The Diary of a Bookseller by Shaun Bythell is published by Profile Books (£14.99).
Monday, 3 March
Online orders: 9
Books found: 8
Another beautiful day, marred at an early stage by a customer wearing shorts and knee-length woollen socks who knocked over a pile of books and left them lying on the floor. Shortly afterwards, a whistling customer with a ponytail and what I can only assume was a hat he’d borrowed from a clown bought a copy of Paulo Coelho’s The Alchemist, I suspect deliberately to undermine my faith in humanity and dampen my spirits further.
A book we had sold on Amazon called Orient-Express: A Personal Journey, and which we had sent out three weeks ago was returned today with a note from the customer that reads: ‘Unfortunately not as expected. Require a more pictorial version. Please exchange or refund. I suspect that the customer was treating us like an online library and had read the book.
Till total £90
Reading books about books is what I do when I’m not reading books. Doesn’t make a lick of sense, but bibliophiles will get it. And what’s more delightful than a snarky, acerbic daily diary written by a bookseller?
Answer: perhaps a wee kitten sleeping, but precious little else.
It didn’t take long to start ordering books from Amazon.co.uk, once I’d settled back in Scotland. As I slammed the last drawer in my dresser, clothing folded away, my hand’s muscle memory awoke, typing A-M-A. Google knows me. Like a crack addict, I had to have it. Like an enabler, it provided.
An unabashed Anglophile, my “Buy Later” queue of books only or more readily available in the UK is already longer than most people’s list of “books to read in my lifetime”. I pop one in the cart with every order, and I order everything from Amazon. With Prime free delivery, I’d be silly not to. The price of a taxi to and from the local mall costs the equivalent of an average paperback.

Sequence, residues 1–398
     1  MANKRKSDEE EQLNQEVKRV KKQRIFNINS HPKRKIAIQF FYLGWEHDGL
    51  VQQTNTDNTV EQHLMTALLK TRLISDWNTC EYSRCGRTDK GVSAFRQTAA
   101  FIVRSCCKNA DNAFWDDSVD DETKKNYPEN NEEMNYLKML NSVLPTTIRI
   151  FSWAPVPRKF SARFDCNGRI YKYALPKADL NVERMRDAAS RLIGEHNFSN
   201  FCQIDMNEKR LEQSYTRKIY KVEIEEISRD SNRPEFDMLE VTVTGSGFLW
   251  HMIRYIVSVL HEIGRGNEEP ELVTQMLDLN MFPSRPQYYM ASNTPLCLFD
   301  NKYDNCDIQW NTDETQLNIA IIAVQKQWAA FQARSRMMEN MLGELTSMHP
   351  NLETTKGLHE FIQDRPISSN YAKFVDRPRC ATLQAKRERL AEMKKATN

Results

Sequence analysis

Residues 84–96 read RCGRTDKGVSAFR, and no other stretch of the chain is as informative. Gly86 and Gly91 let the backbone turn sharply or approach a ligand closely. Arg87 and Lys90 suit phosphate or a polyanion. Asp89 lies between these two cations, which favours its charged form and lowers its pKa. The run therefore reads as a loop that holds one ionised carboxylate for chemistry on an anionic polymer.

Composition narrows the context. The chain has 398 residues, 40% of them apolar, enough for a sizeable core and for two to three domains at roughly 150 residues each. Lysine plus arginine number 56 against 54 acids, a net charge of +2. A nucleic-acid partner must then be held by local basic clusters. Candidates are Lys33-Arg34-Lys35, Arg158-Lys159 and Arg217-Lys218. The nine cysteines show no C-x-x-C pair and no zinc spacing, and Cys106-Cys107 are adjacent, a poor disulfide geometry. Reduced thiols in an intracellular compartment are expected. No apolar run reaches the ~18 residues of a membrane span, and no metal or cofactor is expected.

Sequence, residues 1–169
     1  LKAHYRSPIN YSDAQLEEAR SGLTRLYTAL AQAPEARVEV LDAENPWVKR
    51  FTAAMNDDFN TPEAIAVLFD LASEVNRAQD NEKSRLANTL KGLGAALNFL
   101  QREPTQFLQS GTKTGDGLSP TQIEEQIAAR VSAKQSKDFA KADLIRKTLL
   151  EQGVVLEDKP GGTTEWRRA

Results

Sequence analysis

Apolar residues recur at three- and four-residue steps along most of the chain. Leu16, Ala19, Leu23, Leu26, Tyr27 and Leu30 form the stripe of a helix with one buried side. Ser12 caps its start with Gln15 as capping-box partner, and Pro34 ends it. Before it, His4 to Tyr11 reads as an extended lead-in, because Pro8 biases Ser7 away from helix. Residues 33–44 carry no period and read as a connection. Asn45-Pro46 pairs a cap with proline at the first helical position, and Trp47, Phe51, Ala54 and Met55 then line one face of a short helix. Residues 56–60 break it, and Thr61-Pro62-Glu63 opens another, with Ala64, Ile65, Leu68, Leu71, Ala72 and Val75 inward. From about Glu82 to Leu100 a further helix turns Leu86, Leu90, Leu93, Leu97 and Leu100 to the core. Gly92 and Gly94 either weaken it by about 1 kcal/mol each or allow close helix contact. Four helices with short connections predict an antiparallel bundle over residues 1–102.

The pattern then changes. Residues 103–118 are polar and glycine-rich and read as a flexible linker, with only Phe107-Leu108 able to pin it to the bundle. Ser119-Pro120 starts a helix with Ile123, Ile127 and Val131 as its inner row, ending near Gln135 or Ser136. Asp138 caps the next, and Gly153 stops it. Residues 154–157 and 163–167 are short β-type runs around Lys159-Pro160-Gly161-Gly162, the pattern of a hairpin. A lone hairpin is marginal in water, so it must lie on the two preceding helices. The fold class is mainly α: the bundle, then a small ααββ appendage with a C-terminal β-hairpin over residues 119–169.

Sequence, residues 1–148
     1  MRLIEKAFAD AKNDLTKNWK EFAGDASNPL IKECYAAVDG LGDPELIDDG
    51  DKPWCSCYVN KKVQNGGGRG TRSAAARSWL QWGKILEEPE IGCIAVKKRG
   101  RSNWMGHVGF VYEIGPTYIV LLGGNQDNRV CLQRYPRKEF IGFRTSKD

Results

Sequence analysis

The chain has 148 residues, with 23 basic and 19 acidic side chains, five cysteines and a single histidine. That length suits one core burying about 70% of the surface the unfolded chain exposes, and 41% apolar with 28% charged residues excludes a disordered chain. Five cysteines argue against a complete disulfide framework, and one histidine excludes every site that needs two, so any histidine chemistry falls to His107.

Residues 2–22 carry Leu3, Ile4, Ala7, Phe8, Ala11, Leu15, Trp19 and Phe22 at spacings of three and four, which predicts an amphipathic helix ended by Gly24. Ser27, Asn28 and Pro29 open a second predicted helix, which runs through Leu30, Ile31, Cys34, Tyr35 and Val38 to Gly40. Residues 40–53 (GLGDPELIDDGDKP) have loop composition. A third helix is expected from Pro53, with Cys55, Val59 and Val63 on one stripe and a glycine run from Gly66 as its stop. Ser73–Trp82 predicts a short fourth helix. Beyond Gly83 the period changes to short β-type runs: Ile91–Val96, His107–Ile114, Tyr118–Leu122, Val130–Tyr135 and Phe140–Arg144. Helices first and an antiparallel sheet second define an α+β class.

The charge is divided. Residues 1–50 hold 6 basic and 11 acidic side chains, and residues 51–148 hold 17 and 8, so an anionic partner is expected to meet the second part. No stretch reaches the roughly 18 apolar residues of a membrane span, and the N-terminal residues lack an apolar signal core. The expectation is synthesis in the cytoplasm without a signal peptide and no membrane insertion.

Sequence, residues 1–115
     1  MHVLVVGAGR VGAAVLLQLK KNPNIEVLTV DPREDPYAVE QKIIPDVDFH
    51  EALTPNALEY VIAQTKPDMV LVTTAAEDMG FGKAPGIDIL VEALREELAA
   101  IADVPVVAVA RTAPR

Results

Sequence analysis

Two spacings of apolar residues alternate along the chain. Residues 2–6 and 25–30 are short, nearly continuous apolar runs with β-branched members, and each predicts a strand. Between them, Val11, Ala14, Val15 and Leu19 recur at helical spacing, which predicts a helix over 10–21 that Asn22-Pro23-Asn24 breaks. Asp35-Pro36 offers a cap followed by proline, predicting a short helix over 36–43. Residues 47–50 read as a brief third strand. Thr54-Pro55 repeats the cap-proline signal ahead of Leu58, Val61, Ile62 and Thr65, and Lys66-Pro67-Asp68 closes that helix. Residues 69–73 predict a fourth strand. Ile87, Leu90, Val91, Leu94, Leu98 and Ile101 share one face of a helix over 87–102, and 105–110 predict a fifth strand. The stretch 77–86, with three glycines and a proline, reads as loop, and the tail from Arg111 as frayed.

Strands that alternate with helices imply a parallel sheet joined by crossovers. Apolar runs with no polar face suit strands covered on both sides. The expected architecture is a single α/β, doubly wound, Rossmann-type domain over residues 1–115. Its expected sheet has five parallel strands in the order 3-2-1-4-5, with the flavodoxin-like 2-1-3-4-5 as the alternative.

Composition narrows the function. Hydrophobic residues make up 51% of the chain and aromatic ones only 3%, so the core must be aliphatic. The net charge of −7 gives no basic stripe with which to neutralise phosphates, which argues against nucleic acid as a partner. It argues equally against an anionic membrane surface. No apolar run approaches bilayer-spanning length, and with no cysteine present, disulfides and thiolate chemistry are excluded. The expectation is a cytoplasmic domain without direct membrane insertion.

Tell me I’m not penny-wise.
Shaun Bythell’s book was the first to jump the queue. Bythell is the owner of The Bookshop in Wigtown, Scotland, the largest second-hand bookshop in the country. One of the most entertaining and satisfying works of humorous nonfiction I’ve read in quite a while, I’m struggling to remember what else has made me snort-laugh so hard. Bill Bryson’s sent his share of coffee spraying out my nose. Ditto David Sedaris and Augusten Burroughs.
I love a good curmudgeon, especially a man with so great a knowledge of books. Shaun Bythell doesn’t hold back. Were I ten years younger, and not living in the house of another bookish man, hoooo boy. I’d throw myself across his path.
Hey, big boy.
Summary: it’s damned funny. I don’t hand that compliment out often. It’s difficult writing funny prose. Or prose I find funny, the important point. I’m a tough audience. I don’t throw my laughs around willy-nilly. Not for me the polite laugh. If you delight me, my reaction’s genuine.
Read this book if you love books. Read it even harder if used books are your thing, hardest yet if you have a streak of evil a mile wide.
N.B.: I must lodge one little complaint: I sent The Bookshop a Facebook message inquiring if they have any novels by Muriel Spark. I need to replenish my supply and thought what better way to compensate the man who’d just entertained me with his biting wit for several days, but never received a response.
It’s been over a week now, and nothing. Sorry, I may love your book, but I take my book buying awfully seriously. I’ll have to take my business elsewhere this time. Now I’ve given you a reason to snipe at me.
Feel free to run with it. I can take it.